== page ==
William Cronon, Nature's Metropolis: Chicago and the Great West (1991).
Lloyd Lewis & Stanley Pargellis, Granger Country: A Pictorial Social History of The Burlington Railroad (1949).
Richard and Maisie Conrat, American Farm: A Photographic History (1977).
Paul Wallace Gates, History of Public Land Law Development (1968). (Despite its uninviting title, this is the great narrative overview of the history of the public lands of the United States through 1968, an extraordinary act of synthesis. It's available as a PDF download from Hathitrust.
NB: Place papers are due at the start of lecture next Monday, November 21. We expect consistency in the footnotes and bibliography, and for illustrations as well as textual sources. As you know, illustrations do not count toward your final page count.
[Note that the title of this lecture is different from what appears on the syllabus. This is to reflect the continuity with last lecture: we'll talk more today about the settlement of public lands, linking that process to the processes of immigration that peopled those lands—and turned them into farms—in places like Wisconsin, Colorado, Kansas, and Nebraska.]
You'll recall that we talked last time about land sales as a vital source of revenue for the federal government in the 19th century, and as central to Thomas Jefferson's vision of an "Empire of Liberty." Recall that there were conflicts over who should be able to buy land in the public domain, how easy it should be to buy land in the public domain, and how much money it should cost to buy land in the public domain. This helps explain why, in the decades immediately following the American Revolution, large land speculation companies played such an active role in shaping Viriginia and other states with western land claims.
We can make several sweeping generalizations about change over time to the U.S. land system:
Across the middle of the 19th century, in the continued battle for free homesteads, access to public land was blocked by eastern industrial interests worried about the effect of free homesteads on wages, and southern states worried about increased free settlement breaking with the one-free/one-slave state. It was the outbreak of the Civil War, along with the advent of railroads, that freed Congress to act. With the loss of Southern senators to Confederate secession, a Senate majority was free to pass more liberal land laws.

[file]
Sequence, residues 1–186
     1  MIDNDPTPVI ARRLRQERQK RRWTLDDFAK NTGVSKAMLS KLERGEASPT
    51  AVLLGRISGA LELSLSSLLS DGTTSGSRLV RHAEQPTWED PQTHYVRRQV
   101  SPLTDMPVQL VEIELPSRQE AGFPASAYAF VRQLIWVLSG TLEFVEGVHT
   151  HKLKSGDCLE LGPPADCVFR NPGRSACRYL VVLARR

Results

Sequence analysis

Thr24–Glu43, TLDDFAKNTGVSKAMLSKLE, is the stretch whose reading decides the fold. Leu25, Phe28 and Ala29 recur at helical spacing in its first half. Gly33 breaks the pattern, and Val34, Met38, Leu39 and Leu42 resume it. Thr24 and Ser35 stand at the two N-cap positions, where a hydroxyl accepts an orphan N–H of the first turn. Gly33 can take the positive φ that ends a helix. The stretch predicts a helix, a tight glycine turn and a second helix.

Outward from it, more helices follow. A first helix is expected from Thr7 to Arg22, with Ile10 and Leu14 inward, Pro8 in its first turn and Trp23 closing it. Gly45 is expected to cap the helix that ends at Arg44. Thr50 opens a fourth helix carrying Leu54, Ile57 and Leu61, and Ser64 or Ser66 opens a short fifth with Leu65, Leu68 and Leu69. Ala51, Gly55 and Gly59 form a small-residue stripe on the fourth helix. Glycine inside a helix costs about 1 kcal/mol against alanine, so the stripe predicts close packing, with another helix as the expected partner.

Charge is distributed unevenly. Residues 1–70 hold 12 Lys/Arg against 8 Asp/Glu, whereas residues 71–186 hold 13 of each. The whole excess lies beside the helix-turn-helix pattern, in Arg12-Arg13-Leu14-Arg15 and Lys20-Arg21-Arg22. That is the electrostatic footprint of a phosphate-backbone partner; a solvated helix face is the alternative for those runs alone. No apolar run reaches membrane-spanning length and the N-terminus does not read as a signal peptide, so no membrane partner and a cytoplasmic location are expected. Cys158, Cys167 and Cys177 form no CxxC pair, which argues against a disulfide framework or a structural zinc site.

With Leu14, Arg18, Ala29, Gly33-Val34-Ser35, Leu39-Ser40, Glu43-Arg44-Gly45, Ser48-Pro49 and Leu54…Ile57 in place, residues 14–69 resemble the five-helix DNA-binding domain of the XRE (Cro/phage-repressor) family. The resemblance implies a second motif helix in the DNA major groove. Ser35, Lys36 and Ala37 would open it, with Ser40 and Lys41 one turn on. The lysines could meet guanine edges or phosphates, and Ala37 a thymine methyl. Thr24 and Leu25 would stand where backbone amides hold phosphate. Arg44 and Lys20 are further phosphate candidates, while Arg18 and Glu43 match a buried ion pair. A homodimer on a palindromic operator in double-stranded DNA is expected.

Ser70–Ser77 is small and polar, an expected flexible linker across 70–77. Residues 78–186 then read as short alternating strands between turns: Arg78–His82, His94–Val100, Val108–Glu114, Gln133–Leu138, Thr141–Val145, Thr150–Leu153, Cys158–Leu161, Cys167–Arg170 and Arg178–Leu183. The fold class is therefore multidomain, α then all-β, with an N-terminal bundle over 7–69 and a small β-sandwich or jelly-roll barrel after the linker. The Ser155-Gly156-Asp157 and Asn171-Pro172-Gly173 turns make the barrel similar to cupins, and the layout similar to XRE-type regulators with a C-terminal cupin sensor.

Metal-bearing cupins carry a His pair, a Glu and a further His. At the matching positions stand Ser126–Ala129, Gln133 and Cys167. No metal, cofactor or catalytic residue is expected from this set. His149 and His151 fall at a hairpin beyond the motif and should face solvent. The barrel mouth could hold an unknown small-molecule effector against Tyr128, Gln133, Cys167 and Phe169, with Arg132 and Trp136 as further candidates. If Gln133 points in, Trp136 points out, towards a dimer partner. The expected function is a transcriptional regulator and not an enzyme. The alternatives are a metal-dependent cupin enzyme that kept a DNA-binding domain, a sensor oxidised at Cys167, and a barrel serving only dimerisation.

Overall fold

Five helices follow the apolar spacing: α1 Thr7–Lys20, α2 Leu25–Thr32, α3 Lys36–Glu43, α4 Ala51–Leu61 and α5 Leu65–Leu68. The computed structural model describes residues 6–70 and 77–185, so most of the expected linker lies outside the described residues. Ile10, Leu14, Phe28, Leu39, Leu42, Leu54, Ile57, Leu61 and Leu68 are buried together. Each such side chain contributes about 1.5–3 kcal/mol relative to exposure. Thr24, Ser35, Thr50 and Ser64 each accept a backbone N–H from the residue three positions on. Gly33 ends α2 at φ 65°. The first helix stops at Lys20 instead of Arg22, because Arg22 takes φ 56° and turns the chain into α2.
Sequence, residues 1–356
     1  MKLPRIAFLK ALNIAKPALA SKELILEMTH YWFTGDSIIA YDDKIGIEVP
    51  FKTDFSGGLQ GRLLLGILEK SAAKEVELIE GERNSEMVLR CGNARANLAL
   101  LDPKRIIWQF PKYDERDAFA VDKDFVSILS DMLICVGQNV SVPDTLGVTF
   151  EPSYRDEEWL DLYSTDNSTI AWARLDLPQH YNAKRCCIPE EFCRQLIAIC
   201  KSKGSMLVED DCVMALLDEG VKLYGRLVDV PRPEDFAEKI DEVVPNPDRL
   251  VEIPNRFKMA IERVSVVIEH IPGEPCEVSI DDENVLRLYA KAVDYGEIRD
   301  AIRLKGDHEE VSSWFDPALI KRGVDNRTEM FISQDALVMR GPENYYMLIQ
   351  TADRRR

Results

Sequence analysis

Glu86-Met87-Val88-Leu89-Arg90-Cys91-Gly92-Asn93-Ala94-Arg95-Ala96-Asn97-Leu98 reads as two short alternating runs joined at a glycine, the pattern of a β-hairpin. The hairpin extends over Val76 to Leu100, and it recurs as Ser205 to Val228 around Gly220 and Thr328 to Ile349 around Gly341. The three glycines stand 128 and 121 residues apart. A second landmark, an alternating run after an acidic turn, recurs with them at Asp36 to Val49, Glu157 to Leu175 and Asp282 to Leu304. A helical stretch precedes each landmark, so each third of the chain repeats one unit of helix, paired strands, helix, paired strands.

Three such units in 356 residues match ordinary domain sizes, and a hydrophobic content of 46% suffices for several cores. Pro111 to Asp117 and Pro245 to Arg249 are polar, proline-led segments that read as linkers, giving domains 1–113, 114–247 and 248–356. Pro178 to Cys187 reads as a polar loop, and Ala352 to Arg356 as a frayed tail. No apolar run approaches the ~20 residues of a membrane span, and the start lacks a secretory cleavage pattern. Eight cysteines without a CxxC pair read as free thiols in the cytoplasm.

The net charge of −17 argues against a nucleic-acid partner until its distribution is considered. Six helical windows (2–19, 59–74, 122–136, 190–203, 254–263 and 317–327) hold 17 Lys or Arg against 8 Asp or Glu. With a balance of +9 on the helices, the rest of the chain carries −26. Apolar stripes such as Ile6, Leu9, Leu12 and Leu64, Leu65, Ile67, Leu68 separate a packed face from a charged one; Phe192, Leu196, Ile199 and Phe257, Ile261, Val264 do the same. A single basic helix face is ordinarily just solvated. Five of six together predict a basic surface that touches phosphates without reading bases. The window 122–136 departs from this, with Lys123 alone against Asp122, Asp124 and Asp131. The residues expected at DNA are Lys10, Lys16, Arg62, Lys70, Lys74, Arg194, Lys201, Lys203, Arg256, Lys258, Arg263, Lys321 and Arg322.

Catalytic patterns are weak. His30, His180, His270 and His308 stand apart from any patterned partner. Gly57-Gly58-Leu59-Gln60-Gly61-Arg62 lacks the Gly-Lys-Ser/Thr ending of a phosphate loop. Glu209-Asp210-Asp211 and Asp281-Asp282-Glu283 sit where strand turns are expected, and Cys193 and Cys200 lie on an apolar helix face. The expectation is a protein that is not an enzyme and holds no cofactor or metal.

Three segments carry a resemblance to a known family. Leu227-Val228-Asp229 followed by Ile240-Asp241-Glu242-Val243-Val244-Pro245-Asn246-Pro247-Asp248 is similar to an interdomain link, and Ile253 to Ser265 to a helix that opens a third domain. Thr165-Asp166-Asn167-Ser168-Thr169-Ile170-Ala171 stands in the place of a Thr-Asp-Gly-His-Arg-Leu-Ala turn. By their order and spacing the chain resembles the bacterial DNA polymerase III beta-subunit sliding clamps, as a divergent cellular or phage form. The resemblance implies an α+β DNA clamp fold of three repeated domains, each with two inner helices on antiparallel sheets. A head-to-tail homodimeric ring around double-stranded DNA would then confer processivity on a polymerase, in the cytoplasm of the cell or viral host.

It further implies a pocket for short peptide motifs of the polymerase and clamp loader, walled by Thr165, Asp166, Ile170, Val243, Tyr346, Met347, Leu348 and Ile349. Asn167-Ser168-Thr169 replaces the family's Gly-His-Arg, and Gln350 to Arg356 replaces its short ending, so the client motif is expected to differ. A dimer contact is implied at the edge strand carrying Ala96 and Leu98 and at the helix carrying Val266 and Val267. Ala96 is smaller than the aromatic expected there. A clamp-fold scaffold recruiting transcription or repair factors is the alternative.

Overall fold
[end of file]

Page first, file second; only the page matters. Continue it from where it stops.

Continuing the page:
On 27 May 1862, President Lincoln signed the Homestead Act into law. The act specificed that any adult male citizen or intended citizen could obtain a quarter section of land (160 acres, one quarter of a square mile) by registering, improving and living on it for 5 years. If quicker purchase was required, that individual could buy it for $1.25/acre at end of six months. Notice, the Homestead Act didn't mean that the land was free—there was still a large amount of capital required to buy the farming equipment, seeds, livestock, etc. required to improve the land.
On 1 Jan 1863, the first application for a plot of land under the 1862 Homestead Act was made, in southeastern Nebraska, by Daniel Freeman. The name of the applicant was, indeed, too good to be true – the event was actually a publicity stunt, and Freeman was furloughed from the Army. A special land office was set up, then immediately shut down, an example of the symbolic politics at work.
The Freeman Homestead—which you can visit as a National Monument of America today—was a classic example of land of the eastern plains: tallgrass prairie, wooded streamcourse, rich soil. It seemed perfect land for farming, and so the publicity of Freeman's claim began the largest land rush in US history. Thus land offices became centers for settlers and speculators alike. Long queues formed once families had found tracts on which they intended to settle or in which they intended to invest. A shoddy land office became a common sight in many western towns.
Note that by no means were all of those using land offices entering under the Homestead. Many other means of acquiring land existed:
The frenzy to acquire land produced some absurd habits: the building of temporary shacks for claim staking, or even a house on wheels to move between plots; toy houses measuring "twelve by fourteen" that were actually 12 inches by 14 inches rather than 12 feet by 14 feet; the sending of a son into the land office where he would stand on the number 21 and swear he was over 21, thus able to make a land claim. The point in all of this was that land law was easily subverted and land agents were often active in colluding. All these corrupt practices were winked at by western settlers and land offices.
Part of the reason to amass a huge holding of land via speculation was for profit; but part of the reason also derived from the changed scale reinstituted by the changed environment of the arid West. 160 acres had been logical unit for agriculture in the moist eastern part of the country. Past the line of 20” rainfall, however, this changed: either much larger land units with thousands of acres were necessary for grazing, or much smaller units of 40-80 acres for irrigation were needed, as in Utah.